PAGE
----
Working together to keep today's treasures for tomorrow slide image Protecting the natural heritage of this diverse estuary slide image Promoting water quality and land preservation slide image Supporting a rich ecosystem for our local economy and quality of life slide image Managing our natural resources through consensus building slide image

News and Resources

Getting Delmarva Teachers Up To Speed Outdoors - August 18, 2011

With wide-eyed wonder, Brittany Hulme, from Snow Hill Middle School, squealed as she fished a hermit crab the size of a softball out of Sinepuxent Bay.

Susan Kowalski, from Pocomoke Middle School, handled one end of a seine net, guided by her former student D'nera Taylor, who was tickled to demonstrate her newly-acquired knowledge of bay creatures.

Steve Whelan, a representative of Berlin Intermediate School, was smiling broadly and anxious to discuss practical applications for the experiences he had over the last couple days.

Christine Vargas-Smith, from Wicomico Middle School, was delighted to get an up-close look at an "adorable" carnivorous plant, the sundew. This native of Delmarva resides in acidic bogs where it attracts no-see-ums and other biting flies. Insects land in an enzyme rich liquid attractant, secreted by the sundew, and then dissolve, becoming food for the plant.

Formerly a formal educator, Tom Wimbrow, now a volunteer at the Ocean City Life-Saving Station Museum shared, with great wit, the story of the formation of the Life-Saving Service. Wimbrow's knowledge of Assateague Island began at a young age when, in the 1940s, his family had a vacation home on Old Ferry Landing before Assateague Island became part of the National Park system.

These "students" are dedicated teachers in Worcester and Wicomico County. Just a week before they're required to return to school, the teachers agreed to participate in a one-week teacher professional development opportunity, including a two-day "Coastal Bays Institute."

The program, organized by a partnership of education and interpretation professionals from the Maryland Coastal Bays Program, Assateague State Park, and Assateague Island National Seashore, provided 14 hours of instruction and immersion in local natural resources.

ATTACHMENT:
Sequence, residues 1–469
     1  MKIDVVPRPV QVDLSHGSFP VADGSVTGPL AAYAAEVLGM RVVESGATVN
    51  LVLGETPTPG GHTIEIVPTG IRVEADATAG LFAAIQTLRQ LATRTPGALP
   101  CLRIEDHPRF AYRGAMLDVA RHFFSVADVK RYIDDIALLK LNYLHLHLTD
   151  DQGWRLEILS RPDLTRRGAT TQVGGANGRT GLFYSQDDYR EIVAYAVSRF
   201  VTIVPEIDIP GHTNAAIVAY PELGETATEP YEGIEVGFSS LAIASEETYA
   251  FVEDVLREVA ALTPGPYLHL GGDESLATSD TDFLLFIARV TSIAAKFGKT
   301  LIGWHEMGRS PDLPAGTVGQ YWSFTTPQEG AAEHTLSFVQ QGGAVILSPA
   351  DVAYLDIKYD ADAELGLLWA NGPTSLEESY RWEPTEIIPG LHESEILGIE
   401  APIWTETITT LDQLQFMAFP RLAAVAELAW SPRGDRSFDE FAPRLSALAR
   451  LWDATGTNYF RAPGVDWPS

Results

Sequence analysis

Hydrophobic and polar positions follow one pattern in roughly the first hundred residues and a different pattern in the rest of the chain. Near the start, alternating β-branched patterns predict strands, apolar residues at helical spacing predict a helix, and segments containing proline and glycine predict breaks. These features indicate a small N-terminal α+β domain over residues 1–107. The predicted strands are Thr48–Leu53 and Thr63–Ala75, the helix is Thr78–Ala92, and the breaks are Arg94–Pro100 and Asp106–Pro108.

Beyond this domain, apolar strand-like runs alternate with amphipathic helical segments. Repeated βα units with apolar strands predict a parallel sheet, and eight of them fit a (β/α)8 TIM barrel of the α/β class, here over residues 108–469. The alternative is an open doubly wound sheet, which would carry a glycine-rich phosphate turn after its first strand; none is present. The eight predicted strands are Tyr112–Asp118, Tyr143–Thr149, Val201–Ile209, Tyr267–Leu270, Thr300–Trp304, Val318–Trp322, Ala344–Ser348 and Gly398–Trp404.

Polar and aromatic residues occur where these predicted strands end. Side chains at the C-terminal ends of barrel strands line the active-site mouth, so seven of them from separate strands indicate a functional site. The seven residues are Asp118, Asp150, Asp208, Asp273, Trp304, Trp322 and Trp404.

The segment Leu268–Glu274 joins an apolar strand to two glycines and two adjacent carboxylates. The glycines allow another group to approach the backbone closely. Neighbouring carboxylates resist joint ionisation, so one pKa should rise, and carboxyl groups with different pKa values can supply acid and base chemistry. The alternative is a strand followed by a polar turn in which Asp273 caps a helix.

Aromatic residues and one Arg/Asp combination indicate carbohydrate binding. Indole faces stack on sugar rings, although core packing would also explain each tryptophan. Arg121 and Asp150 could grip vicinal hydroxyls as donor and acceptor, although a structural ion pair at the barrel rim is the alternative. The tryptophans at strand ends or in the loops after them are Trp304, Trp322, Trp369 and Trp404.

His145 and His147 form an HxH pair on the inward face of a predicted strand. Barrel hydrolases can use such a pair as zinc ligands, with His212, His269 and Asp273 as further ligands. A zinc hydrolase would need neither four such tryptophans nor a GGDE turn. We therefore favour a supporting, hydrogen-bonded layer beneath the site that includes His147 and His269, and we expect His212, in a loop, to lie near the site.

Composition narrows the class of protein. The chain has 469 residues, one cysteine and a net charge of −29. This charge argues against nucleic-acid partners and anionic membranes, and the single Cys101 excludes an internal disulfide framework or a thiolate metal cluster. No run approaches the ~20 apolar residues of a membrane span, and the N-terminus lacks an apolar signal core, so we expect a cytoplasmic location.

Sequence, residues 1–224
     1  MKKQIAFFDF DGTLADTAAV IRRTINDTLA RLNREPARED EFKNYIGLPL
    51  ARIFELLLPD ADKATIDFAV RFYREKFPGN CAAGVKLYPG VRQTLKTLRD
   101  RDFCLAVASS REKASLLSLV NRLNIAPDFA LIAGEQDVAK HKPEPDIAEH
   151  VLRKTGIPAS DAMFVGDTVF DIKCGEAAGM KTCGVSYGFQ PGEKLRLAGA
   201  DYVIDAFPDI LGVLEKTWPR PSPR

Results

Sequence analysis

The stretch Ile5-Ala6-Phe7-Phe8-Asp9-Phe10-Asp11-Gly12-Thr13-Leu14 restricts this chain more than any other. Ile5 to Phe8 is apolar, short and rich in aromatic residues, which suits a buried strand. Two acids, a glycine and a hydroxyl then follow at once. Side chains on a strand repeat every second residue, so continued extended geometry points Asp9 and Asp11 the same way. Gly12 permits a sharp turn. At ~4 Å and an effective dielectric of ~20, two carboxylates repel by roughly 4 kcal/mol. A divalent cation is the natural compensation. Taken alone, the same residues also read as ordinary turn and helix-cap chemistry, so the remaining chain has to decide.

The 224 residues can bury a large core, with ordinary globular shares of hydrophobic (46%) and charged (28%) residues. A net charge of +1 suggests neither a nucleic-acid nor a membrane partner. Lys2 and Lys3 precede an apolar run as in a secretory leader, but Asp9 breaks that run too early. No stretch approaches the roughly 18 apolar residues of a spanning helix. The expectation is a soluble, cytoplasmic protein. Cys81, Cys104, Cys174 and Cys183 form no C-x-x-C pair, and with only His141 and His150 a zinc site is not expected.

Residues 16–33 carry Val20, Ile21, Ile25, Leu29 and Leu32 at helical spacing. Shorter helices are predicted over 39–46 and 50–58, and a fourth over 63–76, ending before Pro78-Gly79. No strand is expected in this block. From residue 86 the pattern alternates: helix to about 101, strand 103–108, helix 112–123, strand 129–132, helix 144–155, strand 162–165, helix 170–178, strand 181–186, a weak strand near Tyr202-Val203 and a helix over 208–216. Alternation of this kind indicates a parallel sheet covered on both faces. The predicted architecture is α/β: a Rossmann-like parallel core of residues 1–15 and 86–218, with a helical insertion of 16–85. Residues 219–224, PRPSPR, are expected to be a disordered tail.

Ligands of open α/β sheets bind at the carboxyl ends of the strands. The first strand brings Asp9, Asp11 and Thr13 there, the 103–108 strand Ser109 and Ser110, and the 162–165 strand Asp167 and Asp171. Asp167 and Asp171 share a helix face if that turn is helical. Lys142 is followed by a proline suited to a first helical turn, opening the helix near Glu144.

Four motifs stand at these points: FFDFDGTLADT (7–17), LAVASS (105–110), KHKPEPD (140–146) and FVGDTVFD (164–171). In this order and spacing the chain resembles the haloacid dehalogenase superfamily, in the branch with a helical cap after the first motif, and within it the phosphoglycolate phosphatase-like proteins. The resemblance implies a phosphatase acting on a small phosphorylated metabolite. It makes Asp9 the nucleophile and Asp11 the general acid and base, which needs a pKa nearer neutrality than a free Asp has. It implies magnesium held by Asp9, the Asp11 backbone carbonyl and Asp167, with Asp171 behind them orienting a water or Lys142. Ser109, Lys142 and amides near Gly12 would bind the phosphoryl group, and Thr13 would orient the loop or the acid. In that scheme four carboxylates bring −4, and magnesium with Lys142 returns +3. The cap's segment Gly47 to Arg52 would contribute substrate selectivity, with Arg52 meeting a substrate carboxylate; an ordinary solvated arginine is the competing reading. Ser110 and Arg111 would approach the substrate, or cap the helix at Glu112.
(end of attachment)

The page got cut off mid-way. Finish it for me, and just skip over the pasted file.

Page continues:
Field experts included Maryland Coastal Bays Program Science Coordinator Dr. Roman Jesien and National Park Service terrestrial ecologist Dr. Helen Violi.

Change was most certainly a theme -- with every speaker, every study, and every activity. Barrier islands are dynamic. Wildlife populations fluctuate. Plant communities shift. Every time we dipped toes or nets in the Sinepuxent Bay, someone discovered something new, whether a new species or a new perspective.

And why were we doing this? Changes are occurring in our school systems, too. At the federal, state, and local level, people are working to ensure an integrated, transdisciplinary approach to environmental education in our schools. Often times, people are uncomfortable with change. Worcester County Science Supervisor Marlyn Barrett is helping to facilitate those changes, locally. And, fortunately for local students, many enthusiastic teachers are embracing the change.

To learn more about opportunities to engage students in the outdoors, visit www.mdcoastalbays.org.

Samis is the education coordinator for the Maryland Coastal Bays Program.


To view article click here

Archived News

More Archived News
View Current News

U.S EPA News Region 3

Coastal Bays Program
Coastal Bays Program
Coastal Bays Program
Coastal Bays Program
Coastal Bays Program
Coastal Bays Program
Coastal Bays Program
Coastal Bays Program
Coastal Bays Program
Coastal Bays Program